Archaea in particle-rich waters of the Beaufort Shelf and Franklin Bay, Canadian Arctic: Clues to an allochthonous origin?

Wells, Llyd E., Michael Cordray, Sarah Bowerman, Lisa A. Miller, Warwick F. Vincent, Jody W. Deming

Limnol. Oceanogr., 51(1), 2006, 47-59 | DOI: 10.4319/lo.2006.51.1.0047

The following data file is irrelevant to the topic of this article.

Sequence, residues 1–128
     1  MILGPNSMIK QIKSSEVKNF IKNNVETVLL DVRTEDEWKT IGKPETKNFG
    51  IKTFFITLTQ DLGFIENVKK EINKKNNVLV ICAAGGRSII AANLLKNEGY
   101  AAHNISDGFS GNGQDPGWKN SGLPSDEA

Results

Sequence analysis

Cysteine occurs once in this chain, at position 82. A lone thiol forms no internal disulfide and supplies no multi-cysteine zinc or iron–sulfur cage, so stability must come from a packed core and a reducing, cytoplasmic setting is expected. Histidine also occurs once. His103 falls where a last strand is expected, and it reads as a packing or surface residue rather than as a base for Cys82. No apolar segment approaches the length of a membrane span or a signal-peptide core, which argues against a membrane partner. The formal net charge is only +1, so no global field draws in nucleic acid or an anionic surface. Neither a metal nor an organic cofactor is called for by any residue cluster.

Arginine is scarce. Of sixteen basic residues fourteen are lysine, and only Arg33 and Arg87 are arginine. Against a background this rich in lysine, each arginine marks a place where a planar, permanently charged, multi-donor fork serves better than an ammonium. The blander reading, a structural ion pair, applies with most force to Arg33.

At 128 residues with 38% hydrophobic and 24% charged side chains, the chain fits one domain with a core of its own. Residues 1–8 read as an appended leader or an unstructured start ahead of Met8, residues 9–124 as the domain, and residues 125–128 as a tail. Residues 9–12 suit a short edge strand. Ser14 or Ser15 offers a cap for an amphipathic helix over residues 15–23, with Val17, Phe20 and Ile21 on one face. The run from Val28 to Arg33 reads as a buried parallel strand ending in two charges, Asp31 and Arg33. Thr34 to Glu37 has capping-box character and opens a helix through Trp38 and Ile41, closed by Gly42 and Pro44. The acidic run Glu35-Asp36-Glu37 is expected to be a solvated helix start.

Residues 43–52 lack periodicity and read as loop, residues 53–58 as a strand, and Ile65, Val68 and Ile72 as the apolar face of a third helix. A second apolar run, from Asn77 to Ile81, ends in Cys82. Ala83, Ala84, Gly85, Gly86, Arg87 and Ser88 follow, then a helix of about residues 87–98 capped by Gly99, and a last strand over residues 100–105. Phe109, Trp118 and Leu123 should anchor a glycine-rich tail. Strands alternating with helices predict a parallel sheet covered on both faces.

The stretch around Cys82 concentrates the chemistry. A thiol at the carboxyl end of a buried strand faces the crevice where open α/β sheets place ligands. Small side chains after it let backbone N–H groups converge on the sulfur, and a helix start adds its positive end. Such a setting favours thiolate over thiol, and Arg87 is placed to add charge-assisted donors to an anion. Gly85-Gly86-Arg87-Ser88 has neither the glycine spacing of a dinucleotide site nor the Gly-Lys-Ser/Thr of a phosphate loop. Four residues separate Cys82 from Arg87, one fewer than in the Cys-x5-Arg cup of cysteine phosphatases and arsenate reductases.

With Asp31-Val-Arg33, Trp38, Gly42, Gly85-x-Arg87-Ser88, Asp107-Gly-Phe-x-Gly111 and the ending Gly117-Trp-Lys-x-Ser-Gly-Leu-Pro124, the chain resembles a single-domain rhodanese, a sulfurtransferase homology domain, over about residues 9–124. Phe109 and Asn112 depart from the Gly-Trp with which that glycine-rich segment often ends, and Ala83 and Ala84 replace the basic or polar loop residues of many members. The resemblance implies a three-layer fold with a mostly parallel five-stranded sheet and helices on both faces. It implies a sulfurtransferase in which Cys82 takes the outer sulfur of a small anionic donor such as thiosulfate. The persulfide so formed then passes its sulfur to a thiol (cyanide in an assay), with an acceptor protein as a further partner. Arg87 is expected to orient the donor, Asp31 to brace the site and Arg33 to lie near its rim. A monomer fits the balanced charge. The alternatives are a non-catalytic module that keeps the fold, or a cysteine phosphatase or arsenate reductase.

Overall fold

ABSTRACT: We used 4',6-diamidino-2-phenylindole (DAPI) staining and fluorescent in situ hybridization to examine total bacterioplankton and archaeal distributions in surface waters and in deeper nepheloid layers and particle-poor waters across the Beaufort Shelf of the Canadian Arctic, including the Mackenzie River and Kugmallit Bay, as well as more distant Franklin Bay. Although the regional distribution of bacterioplankton was best explained by salinity (rs = -0.89, n = 28, p < 0.001) and indicators of primary production (chlorophyll a [Chl a], total organic carbon, and the ratio of Chl a to particulate organic carbon [Chl a: POC]), that of Archaea instead reflected measures of particulate matter, specifically microscopically determined particle concentration (rs = 0.85, n = 30, p < 0.001), suspended particulate matter, POC, particulate organic nitrogen (PON), and the beam attenuation coefficient. Moreover, when compared with similarly deep particle-poor waters, nepheloid layers were significantly enriched in Archaea (median concentration of 6.00 x 104 mL-1 [15.5% of bacterioplankton] vs. 1.79 x 4 mL-1 [3.6%]; p < 0.05), but not total bacterioplankton. The relationship between Archaea and particles, the dominance of the Mackenzie River as the regional particle source, the detection of highest archaeal concentrations (11.5-14.4 x 4 mL-1) in the river, and the highly significant correlation (rs = 0.97, n = 12, p < 0.001) between Archaea in particle-rich waters and PON (the river providing the upper end member) suggest that many of these Archaea derive from the river.

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